If I truly thought that Republicans were looking for genuine solutions to these problems, I’d be halfway to becoming a Republican myself. But they aren’t.

  2. James Joyner says:


    I’d argue that, for the most part, the reason Republicans support these ideas is they actually think they’re good for society. Ditto most Democrats, for that matter. Outside the fringe elements, both sides basically look toward the same goals.

    While some Republicans support vouchers because they’re trying to help the religious schools or their rich buddies send their kids to private schools, most do it because they think competition will improve the schools across the board.

    Ditto corporate regulations, low taxes, and the like. The rationale behind these is straight out of Adam Smith: individuals working toward the interest of themselves and their families are going to be motivated to make good decisions. That helps everybody.

  3. Rick DeMent says:

    But Adam Smith was hounded by the same problem as Karl Marx, the gulf between the theoretical and the practical. It’s one thing to believe in the theories of libertarian economics, it’s another thing to turn a blind eye to their many limitations. I’m a big fan of free markets, but the problem is finding one. The last one I can put my finger on was the parking lot of a Grateful Dead Show. There are also some inherent problems with assumptions that people make in their belief in the power of their ideology to bring about change.

    For instance Libertarianism seems to me to be founded on a paradox. It is precisely because of government inefficiency that government can not be trusted in it’s attempts to bring about egalitarian equity to free markets therefor must be minimized. But in order to minimize government, maintain social cohesion and the efficient functioning of free markets there must be a rule of law. But the only institution that is capable of establishing and maintaining the rule of law is the government that is too inefficient to be trusted in the first place.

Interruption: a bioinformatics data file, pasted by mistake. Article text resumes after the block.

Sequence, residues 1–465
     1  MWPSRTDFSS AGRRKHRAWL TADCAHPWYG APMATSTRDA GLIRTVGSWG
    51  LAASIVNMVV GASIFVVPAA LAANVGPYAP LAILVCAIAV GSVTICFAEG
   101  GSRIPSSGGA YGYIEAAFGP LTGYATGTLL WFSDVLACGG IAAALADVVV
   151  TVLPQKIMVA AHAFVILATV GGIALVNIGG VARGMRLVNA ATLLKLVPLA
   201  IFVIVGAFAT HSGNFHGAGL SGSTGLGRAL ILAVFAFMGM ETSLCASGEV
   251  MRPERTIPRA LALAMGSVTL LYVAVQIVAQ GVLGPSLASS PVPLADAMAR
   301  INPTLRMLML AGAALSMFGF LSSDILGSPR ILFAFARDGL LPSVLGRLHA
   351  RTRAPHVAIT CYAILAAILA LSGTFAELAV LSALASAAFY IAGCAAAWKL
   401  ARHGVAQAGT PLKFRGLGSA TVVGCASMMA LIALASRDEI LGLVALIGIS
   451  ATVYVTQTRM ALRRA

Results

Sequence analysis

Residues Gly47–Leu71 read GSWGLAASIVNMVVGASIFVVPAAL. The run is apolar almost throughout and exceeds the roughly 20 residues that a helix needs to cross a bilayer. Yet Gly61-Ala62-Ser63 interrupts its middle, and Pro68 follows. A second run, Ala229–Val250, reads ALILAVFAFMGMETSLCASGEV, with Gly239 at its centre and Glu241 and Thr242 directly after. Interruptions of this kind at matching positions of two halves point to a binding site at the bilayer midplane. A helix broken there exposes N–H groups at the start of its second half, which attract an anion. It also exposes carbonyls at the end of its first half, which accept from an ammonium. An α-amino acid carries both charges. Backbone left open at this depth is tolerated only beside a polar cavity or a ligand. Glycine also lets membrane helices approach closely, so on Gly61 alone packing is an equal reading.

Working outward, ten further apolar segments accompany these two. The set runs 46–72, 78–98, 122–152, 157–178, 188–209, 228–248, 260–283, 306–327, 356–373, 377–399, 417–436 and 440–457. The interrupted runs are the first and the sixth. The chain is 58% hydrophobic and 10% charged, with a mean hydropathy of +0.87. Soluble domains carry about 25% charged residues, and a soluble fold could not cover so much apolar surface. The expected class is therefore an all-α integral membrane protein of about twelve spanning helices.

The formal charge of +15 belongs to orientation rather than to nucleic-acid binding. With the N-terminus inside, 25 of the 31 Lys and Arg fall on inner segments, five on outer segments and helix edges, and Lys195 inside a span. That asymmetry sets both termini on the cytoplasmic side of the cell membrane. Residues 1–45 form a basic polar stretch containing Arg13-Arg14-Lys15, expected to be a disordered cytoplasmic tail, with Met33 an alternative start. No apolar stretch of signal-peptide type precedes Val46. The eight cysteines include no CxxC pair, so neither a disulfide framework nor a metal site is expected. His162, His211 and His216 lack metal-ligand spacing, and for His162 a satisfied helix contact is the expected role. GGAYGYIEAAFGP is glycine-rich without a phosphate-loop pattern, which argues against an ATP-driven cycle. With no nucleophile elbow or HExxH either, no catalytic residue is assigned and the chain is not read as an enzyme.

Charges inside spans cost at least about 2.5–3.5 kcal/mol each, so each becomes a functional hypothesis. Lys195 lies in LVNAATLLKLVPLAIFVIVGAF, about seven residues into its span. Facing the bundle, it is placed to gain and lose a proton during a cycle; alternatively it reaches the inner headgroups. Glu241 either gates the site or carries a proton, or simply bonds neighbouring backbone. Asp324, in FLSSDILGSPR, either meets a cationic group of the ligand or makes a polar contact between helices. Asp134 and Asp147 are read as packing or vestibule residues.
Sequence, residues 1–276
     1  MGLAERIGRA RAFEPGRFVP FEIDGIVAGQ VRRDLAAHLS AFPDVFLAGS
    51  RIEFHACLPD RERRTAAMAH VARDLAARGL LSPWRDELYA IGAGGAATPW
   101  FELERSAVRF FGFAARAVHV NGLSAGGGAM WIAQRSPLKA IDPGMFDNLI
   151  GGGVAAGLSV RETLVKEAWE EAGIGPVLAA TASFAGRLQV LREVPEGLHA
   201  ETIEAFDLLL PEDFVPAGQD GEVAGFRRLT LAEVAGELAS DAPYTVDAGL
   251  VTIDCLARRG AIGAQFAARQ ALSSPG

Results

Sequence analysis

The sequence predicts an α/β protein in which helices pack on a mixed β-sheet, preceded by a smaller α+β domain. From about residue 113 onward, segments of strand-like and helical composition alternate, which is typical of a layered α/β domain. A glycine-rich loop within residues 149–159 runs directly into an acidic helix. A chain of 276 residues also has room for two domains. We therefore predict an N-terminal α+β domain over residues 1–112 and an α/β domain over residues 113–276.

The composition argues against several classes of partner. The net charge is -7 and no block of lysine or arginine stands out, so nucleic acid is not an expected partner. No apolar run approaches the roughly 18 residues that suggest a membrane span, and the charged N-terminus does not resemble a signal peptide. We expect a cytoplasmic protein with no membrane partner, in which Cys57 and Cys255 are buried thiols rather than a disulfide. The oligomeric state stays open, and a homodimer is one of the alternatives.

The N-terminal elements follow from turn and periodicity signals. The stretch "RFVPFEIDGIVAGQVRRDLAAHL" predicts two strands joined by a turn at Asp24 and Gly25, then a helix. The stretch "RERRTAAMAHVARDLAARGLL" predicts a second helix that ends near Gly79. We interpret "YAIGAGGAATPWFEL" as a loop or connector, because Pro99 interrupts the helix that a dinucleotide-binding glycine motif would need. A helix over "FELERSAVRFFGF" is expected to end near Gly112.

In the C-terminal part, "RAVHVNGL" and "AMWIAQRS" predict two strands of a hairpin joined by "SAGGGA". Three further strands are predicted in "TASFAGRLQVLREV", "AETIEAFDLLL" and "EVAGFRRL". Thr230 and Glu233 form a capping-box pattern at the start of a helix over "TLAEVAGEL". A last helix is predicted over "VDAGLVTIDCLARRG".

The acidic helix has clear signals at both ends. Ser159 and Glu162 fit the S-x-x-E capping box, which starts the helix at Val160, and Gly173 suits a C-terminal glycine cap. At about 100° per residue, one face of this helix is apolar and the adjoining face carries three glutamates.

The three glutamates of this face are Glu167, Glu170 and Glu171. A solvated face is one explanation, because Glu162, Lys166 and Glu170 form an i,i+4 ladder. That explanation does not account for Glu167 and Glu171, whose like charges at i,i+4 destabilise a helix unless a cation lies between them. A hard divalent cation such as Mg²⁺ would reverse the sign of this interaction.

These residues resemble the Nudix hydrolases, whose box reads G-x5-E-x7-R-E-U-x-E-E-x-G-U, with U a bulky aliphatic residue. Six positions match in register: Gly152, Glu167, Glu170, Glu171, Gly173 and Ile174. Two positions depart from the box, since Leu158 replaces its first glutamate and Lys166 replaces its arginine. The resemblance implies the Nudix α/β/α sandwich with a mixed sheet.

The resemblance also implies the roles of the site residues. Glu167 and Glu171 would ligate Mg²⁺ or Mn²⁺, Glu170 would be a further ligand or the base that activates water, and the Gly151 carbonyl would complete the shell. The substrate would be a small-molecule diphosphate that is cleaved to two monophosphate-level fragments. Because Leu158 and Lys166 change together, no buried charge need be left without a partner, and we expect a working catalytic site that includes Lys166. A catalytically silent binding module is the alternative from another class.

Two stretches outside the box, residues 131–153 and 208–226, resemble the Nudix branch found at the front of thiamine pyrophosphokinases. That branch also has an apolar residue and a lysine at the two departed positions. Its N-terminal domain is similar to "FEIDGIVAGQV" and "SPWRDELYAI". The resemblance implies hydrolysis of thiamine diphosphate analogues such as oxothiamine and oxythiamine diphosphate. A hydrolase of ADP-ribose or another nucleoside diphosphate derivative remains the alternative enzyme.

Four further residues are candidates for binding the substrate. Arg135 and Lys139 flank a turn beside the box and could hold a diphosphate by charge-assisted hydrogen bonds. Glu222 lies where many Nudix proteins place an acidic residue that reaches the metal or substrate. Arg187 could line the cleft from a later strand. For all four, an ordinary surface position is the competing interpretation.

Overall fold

The point is that Ideology is fine as a high level framework, but proposals need to address current problems. Tax cuts while fighting two wars in a row might not be the best idea right now. Do we get rid of corporate regulation for regulations sake? Or do we judiciously prune it? Relaxing pollution standards might improve profitability but if it creates 200,000 more cases of asthma then the costs are a wash.

    I see the same thing to on the other side of the isle but I think Kevin’s point is that we need to see solutions not thought a ideological prism but rather a pragmatic one. Idology and partisanship be damned.

  4. Paul says:

    The problem, though, is that the Republican party *hasn’t* been trying to solve the problems of poverty, poor public schools, and rampant crime. Rather, they’ve been trying to do away with welfare, marginalize the public school system, and throw lots of drug users in jail, all the while claiming that they’re trying to solve the problems mentioned above.

    Kevin you are quite simply, full of shit.

    You moronically state that because another group does not use the same methodology you would that they have not tried to fix problems.

    The liberals have pissed away trillions of dollars on public education and we still have valedictorians that can not pass a 9th grade math test when they try 5 times!!! (too lazy to link, search this blog)

    Tell me how well public education is working.

    A few years ago Kansas City was spending over 40,000 dollars per kid per year on education and getting jack for it.

    NOW– Give the same black underprivileged parents a voucher for 30,000 a year and see what kind of education the parents can buy!

    Mary Landrieu, the all caring Democrat, does not want black children in class with her children so she blocks vouchers in D.C. If a republican did that you would call him racist.

    Just because you choose the same methodologies that have failed for years and others choose a methodology you apparently are not smart enough to understand, PLEASE DO NOT impugn the intentions of the other side.

    If the liberal war on poverty worked so fucking well, why do we still have poor people? We have transfered over 4 trillion dollars from the producers to the non producers and they are still poor!!

    Are you MAYBE, JUST MAYBE smart enough to figure out it did not work?????


  5. JohnC says:

    Paul, I shudder to think about what industry you work in.

  6. Paul says:

    John I shudder that you might breed.

  7. James Joyner says:

    All right, all right. Play nice now.